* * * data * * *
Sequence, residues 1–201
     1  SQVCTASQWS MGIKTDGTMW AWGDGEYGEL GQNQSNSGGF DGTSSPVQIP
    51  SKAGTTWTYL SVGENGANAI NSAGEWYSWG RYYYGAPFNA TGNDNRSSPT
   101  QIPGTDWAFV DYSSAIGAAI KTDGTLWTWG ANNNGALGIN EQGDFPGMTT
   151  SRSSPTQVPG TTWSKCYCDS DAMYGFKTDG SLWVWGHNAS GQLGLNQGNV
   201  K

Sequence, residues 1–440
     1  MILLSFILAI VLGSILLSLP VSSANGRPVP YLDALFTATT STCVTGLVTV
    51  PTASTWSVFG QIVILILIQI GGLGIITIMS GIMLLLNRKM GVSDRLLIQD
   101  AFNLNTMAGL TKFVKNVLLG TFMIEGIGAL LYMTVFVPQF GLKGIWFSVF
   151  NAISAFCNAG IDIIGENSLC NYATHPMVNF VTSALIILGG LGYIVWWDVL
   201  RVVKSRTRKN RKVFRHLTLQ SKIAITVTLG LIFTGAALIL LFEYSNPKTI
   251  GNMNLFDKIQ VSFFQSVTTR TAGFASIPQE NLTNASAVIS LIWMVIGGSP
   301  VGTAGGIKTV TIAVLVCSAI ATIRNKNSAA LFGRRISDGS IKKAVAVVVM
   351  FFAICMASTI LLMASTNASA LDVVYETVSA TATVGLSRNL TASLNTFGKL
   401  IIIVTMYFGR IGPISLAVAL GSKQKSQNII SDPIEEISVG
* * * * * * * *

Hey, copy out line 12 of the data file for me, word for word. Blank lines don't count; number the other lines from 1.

   201  RVVKSRTRKN RKVFRHLTLQ SKIAITVTLG LIFTGAALIL LFEYSNPKTI